People for Purpose congratulate Dee Hopkins who has recently been appointed Chief Executive Officer with Macular Disease Foundation Australia. Dee has over 20 years’ experience working in not for profit organisations, advocating for better supports for family carers and providing services to carers and the people they care for, in the ACT and SE NSW. She also has extensive commercial experience as a senior executive in communications and business development in Australia, Middle East and SE Asia.
In this article, Dee shares her thoughts on transformational leadership in the for purpose sector.
When did you first become involved in the for-purpose sector?
I first became involved in the for-purpose sector when I became CEO of Carers Australia ACT in late 2004. I was attracted to this role as I had grown up with an exceptional family carer and role model in Dublin. As an adult in Australia, I was a volunteer respite carer to several vulnerable children over a number of years. This experience gave me insight to the real struggles of many disadvantaged families and how our health and community service systems can sometimes fail them.
Why do you do what you do?
Working in the for-purpose sector has been the best career move for me and working for a purpose that personally resonates is particularly rewarding. My new role as CEO of Macular Disease Foundation Australia greatly appealed to me, as I could see the impact age-related macular disease had on my late father. I also had deep insight into the health, social and economic impact of chronic health conditions on the thousands of families I supported in ACT and SE NSW as CEO of Carers Australia ACT. Working to reduce the incidence and impact of macular disease ignites my passion to be part of finding better ways to mitigate risks of macular disease and improve the quality of life of Australians living with this disease.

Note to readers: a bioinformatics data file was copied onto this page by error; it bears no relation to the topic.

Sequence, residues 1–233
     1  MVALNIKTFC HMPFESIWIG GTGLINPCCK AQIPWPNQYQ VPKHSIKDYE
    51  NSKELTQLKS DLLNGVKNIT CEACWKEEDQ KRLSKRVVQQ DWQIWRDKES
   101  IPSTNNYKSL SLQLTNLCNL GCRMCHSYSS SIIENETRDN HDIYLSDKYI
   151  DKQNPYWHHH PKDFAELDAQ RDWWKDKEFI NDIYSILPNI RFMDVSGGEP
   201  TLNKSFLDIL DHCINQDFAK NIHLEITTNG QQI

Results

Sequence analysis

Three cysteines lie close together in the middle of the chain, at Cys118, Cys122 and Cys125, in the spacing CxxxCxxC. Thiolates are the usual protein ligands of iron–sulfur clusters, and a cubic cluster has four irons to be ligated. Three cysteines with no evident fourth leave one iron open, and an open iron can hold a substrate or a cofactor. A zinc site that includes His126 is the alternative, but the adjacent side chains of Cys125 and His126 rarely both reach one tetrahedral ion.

What are the current challenges you see facing the for-purpose sector?
The for-purpose sector continues to undergo monumental change not seen in Australia since the introduction of Medicare. Competition to secure the philanthropic and donor dollar has never been greater and the cost of raising these funds are time consuming and expensive. Changes in government funding have meant the sector has had to transform its business models in order to build sustainable organisations. This has required a major cultural shift including adaption and investment in innovation and the need to become more competitive and commercially savvy. Some for-purpose specialist service providers have not survived these changes which is a shame as many provided quality, niche services that have been valued by health consumers.
Do you have any for-purpose sector “heroes” who have inspired you?
I have been inspired by so many people in the for-purpose sector – too many to name. However, I certainly admire people like Professor Patrick McGorry who has been instrumental in influencing mental health policy in Australia. I also greatly admire ‘game changers’ and leaders in social innovation who have the courage to test and invest in new ideas for a fairer and more inclusive Australia.
What is your proudest professional achievement?
There have been several proud moments such as influencing changes to legislation and health policy. However, one of my proudest achievements during my tenure at Carers Australia ACT, was initiating and leading a Supported Housing Summit bringing multiple stakeholders together to tackle complex supported housing policy. This resulted in the government agreeing to campaign for the ACT to become an early NDIS trial site and a commitment to develop a smarter housing blueprint and investment in more innovative models such as Common Ground.